A quarterly magazine of urban affairs, published by the Manhattan Institute, edited by Brian C. Anderson.
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Yesterdays Heroes? « Back to Story
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72% of America's fire fighters are VOLUNTEERS. These are our TRUE American heroes. Indeed, they'd be DELIGHTED to be paid minimum wage, but they'd do it anyway out of a sense of public service -- a concept long forgotten by today's labor union public employees.
In response to "Jack Russell", what you describe is is closer to a page out of a state road "worker"'s handbook. HOW many people are needed to apply that band aid?. In my own medical history, the local fire department ambulance (TWO, count them only two two EMT's) were needed to transport me to the ER for chest pains. On another occasion, when I needed to be transported from the local hospital into the metro area, it was done by a PRIVATE ambulance company with THREE EMT's total. After a motorcycle accident some years ago, it was only TWO EMT's that back boarded me into the ambulance. I in no way mean to belittle the profession of first responders but you are on thin ice justifying the dispatch of an engine house for a scraped knee.
I don't know the details of the case in San Jose, so I won't address that, but as a Firefighter/Paramedic in the Dallas Metroplex, I'll try to clear up a common misconception about fire apparatus arriving with an ambulance. Each of our firefighters is a paramedic. Each apparatus carries all the same equipment as our ambulances. Though we don't roll fire apparatus to every ambulance calls, we do roll to a good number of them and for good reason. First, often the fire apparatus can arrive before the ambulance, thus saving a good deal of time initiating patient care. Second, on more involved calls, such as CPR, there is a HUGE variety of jobs happening simultaneously. Someone has to intubate the patient and manually perform respirations. Someone has to find veins and get IV sticks. Someone has to stick a bag of saline with the drip set and hang the bag in preperation for attaching the line to the IV stick. Someone has to attache the 12-lead sensors to the patient's body in precise locations to read the heart rhythm, oxygen saturation levels, and blood pressure. Someone has to arrange the multiple cardiac medications and ascertain their expiration date and quantity to be administered. Someone has to verify that the dates and quantities. Someone has to enter all the patient's personal information, medical history, age, full list of prescriptions, allergies, etc. Someone has to position a backboard and get help lifting the patient onto the board and strapping them down while all treatments and vitals are monitored and continued. Without discontinuing care, a minimum of two members of the crew have to lift the backboard with patient and strap to the cot while all medical interventions are going on. Then, move the cot down God knows how many floors and across what sort of landscape to the ambulance, load cot into the back of the ambulance, while 4 members attend to the CPR in progress in the ambulance box, another member has to drive the ambulance and communicate with the ER personnel to have them fully prepared to receive this patient when we arrive in the ER. This is no job for a couple of people in an ambulance. I know some places resort to this, but it is WELL beneath the standard of care. If I had a nickle for every time the engine has arrived first at a medical scene only to have the caller e>>>In San Jose, the Santa Clara County grand jury recently criticized a common type of featherbedding—sending fire trucks and crews to respond to medical emergency calls when an ambulance would suffice—and suggested that firefighters’ unions were more interested in preserving jobs than in efficiency.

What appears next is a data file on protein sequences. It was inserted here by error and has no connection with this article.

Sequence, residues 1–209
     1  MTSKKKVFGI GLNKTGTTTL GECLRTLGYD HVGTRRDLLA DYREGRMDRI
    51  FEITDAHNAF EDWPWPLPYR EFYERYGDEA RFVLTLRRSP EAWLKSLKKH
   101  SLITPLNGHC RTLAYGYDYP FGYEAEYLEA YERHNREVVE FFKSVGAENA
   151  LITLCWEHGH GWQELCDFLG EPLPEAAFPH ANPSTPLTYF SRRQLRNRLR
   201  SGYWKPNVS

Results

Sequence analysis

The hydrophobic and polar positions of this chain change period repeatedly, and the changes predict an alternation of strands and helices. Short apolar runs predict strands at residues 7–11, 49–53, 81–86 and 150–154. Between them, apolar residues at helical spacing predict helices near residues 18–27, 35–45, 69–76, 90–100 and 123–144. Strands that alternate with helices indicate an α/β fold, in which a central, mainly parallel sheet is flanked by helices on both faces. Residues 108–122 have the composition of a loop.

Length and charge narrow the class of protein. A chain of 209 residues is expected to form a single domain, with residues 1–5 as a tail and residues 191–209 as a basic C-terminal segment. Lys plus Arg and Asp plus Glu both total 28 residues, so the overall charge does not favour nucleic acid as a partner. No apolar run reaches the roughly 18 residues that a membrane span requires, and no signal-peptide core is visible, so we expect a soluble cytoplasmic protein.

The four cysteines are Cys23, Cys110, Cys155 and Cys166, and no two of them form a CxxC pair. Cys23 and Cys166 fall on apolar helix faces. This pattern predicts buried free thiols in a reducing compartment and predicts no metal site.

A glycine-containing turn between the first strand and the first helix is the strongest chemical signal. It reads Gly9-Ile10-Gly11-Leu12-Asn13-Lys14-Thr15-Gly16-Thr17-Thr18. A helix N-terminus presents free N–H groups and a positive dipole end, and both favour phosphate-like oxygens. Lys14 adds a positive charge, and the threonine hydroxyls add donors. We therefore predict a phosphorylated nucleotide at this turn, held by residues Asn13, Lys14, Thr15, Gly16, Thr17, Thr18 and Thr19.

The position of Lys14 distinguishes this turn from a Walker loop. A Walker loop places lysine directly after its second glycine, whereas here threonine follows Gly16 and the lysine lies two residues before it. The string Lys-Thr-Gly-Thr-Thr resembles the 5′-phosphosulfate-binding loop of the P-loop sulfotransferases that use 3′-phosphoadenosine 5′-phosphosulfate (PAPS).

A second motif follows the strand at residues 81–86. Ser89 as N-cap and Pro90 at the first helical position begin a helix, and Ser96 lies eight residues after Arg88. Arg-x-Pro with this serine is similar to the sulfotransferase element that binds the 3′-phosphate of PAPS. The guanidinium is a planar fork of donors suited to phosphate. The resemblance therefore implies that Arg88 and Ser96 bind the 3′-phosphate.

>>>In San Jose, the Santa Clara County grand jury recently criticized a common type of featherbedding—sending fire trucks and crews to respond to medical emergency calls when an ambulance would suffice—and suggested that firefighters’ unions were more interested in preserving jobs than in efficiency.>In San Jose, the Santa Clara County grand jury recently criticized a common type of featherbedding—sending fire trucks and crews to respond to medical emergency calls when an ambulance would suffice—and suggested that firefighters’ unions were more interested in preserving jobs than in efficiency.
"but they took big pay CUTS the previous two-three years"
Not exactly. Many corporate executives were given stock options and/or deferred compensation instead of cash. You also have to realize that many executives are contract employees, so these salaries are fixed. Many of the deferred compensation packages are now due, in the midst of flat growth in the financial sector. Therefore, another round of pink slips is eminent.